In the divorce Katharine received both the East 71st Street mansion and The Anchorage. Richard and his new wife moved into No. 206 East 65th Street.
|Two views of Katharine's pretty boudoir with its hand-painted wallpaper and paneled fireplace wall. photos by Samuel H. Gottscho from the collection of the Museum of the City of New York
Katherine continued her social routine with no apparent bumps in the road. She was visited by the New York Sun's "Garden Scout" in the spring of 1933. The anonymous columnist informed readers "Mrs. K. Stone Hoyt's garden at 44 East Seventy-first street is entirely bordered with the most flourishing and richly green rhododendrons. On this garden the pool was at the back and the borders held in by a low marble curb."
Virginia's coming-out would take place that winter season. Known popularly as Ginny, her December 29 debut was as impressive as her sister's had been. The New York Evening Post reported that before the ball, Katharine would host a dinner in the 71st Street house for "about one hundred" and "several hundred additional guests will attend the dance." The writer expected the event to be "one of the smartest and most interesting of the debutante parties of the season."
Like Eleanor's, it was held at the Court House, described by the Post as "that most exclusive of city clubs." The article noted "It is a rule of the club that when any one of the members is entertaining the entire house will be turned over to him and his guests, and since there are but seven, one for each day of the week, there is not likely to be any conflict among them."
Despite his earlier infidelity, Richard Hoyt and his former wife seem to have enjoyed an amiable relationship. So much so that following his death on March 7, 1935, Katharine received $1.5 million from his estate--more than 20 times that much in today's dollars.
Katharine was at The Anchorage in July the following year when she unexpectedly died. She was 45-years old.
No. 44 was purchased by David Sarnoff, businessman and American radio and television pioneer. He was the founder and head of the Radio Corporation of America, known today as RCA. He and his wife, the former Lizette Hemant had three sons, Robert, Edward and Thomas.
|The garage door is slightly opened in this shot. photo by Chang W. Lee, The New York Times December 20, 2012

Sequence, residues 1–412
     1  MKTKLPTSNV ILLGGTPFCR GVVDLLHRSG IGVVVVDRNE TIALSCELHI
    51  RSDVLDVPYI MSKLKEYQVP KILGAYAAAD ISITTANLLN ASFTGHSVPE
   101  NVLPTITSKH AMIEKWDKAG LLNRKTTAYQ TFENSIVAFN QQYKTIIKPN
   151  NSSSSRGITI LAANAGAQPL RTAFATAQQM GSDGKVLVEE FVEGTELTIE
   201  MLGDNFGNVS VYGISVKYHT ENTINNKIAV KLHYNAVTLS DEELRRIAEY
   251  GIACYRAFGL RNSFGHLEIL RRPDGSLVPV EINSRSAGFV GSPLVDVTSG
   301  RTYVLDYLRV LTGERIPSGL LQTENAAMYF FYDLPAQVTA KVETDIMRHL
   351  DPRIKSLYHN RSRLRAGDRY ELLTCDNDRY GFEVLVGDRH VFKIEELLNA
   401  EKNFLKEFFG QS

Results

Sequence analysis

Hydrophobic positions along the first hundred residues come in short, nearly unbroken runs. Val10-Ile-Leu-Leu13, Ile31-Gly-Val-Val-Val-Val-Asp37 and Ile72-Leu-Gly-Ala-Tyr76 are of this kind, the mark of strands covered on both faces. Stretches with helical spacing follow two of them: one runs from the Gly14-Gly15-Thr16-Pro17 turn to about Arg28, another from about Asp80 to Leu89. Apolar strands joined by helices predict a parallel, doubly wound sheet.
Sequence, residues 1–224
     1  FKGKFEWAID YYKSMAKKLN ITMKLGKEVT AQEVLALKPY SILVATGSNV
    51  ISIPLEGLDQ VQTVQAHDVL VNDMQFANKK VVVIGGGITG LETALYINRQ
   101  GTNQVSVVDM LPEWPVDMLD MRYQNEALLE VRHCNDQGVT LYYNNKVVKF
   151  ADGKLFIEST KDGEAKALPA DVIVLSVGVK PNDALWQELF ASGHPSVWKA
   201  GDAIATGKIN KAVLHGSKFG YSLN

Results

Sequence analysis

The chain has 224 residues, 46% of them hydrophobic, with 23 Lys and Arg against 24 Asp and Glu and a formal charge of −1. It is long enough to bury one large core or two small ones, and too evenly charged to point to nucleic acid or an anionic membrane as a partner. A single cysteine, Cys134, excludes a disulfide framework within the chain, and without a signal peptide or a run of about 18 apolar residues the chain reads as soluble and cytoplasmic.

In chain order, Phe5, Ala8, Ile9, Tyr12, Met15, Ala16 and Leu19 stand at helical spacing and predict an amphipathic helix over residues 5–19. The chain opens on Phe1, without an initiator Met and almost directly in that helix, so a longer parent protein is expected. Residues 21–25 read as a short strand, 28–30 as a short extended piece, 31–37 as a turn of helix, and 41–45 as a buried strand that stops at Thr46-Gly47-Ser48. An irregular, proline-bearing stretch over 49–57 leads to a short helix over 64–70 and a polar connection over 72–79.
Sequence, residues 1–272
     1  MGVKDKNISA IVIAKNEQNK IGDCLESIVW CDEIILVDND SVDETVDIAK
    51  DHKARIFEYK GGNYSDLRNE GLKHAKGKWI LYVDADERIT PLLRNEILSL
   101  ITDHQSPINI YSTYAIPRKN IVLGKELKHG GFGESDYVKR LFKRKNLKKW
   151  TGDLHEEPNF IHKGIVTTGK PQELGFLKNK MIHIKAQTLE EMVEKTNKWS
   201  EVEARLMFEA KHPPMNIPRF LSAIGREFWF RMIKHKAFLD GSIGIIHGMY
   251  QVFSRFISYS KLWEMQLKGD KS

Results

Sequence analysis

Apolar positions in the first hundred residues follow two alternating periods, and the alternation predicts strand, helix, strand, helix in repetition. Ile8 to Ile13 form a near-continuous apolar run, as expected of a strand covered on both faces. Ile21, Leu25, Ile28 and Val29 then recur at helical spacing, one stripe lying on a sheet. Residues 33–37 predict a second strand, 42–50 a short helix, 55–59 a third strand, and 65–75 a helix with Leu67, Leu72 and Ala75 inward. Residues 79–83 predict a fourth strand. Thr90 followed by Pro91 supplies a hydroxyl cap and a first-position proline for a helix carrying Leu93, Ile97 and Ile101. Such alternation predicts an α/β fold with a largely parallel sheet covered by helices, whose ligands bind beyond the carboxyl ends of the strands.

The Sarnoffs were married on July 4, 1917. Theirs was a touching love story. Lizette's family had just arrived in the Bronx from France and were neighbors of David, his widowed mother, and brothers and sisters. Years later The New York Times said "At that time she spoke little English, but recalled later that Mr. Sarnoff, who spoke no French, learned just enough from her to make his proposal in French."
The onset of World War II immensely affected the Sarnoff household. David was appointed to General Dwight D. Eisenhower's communications staff and sons Robert and Edward joined the Navy and Army respectively.
Many engagements and marriages were fast-tracked by the possibility of deployment and such was the case with Robert. A graduated of Philips Academy in Andover and Harvard University, he was attending the Naval Officers Training School in Washington, D.C. when, on March 25, 1942, the New York Sun reported that he had been married to Esme O'Brien in a civil service ceremony. Only the couple's parents were there.
Before long both Robert and Edward were serving in the South Pacific. Robert was by now a lieutenant and he was sent to an Army communications installation in Guadalcanal in April 1944 in relation to his Navy job. When he bumped into a soldier in leaving the Quonset hut office and turned to apologize, he stood face-to-face with his brother.
Both, it turns out, were following closely in their father's footsteps. The New York Sun wrote, on April 5, "more surprising, they learned that each was working on the same project--the development of regular broadcasts and radio news-copy transmission to the States--from different angles. Robert is "more interested in the administrative end'--the arrangements for setting up field stations here and on other islands. Edward, a Brown University-trained electrical engineer, helps to construct and maintain stations."
Their father was busy in the meantime. He expanded radio circuits for NBC to transmit news from the invasion of France three months later, reestablished Radio France after its Paris station was bombed, and headed the construction of a powerful radio transmitter that could reach all European allied forces--Radio Free Europe. His war work earned him the Legion of Merit in 1944 and the rank of Brigadier General in 1945.
|Sarnoff was named Man of the Year by Time magazine in 1951.
Back home Lizette worked for the Red Cross and for the Free French cause. For her efforts she was awarded the medal of honor of the French Women's Army.
Among Lizette's other worthy causes was, most notably, the New York Infirmary in which she first became actively involved in 1939. She was hands-on, starting out as a nurse's aide. She was as well a member of the executive committee of the United Hospital Fund.
Upon David Sarnoff's death on December 12, 1971 newspapers nationwide ran full page obituaries and printed tributes from the highest ranking men in politics, industry and communications. His sizable estate was left, mostly, to Lizette.
Although she retained possession of No. 44 East 71st Street, Lizette moved to No. 1 Sutton Place where she died on January 9, 1974 at the age of 79.
The Sarnoff estate sold the house in the fall of 1977 to jeweler Jacques Mazard for $1.45 million. In reporting the sale The New York Times remarked on the indoor swimming pool.
The mansion was sold again fifteen years later in what The New York Times called "the largest sale in 1992." The Republic of Korean spent $10.8 million on the house for its Permanent Mission of the Republic of Korea to the United Nations. The Mission remains in the house today. Although most of the interiors have been preserved, expected alterations for offices and meetings rooms have been made.
photograph by the author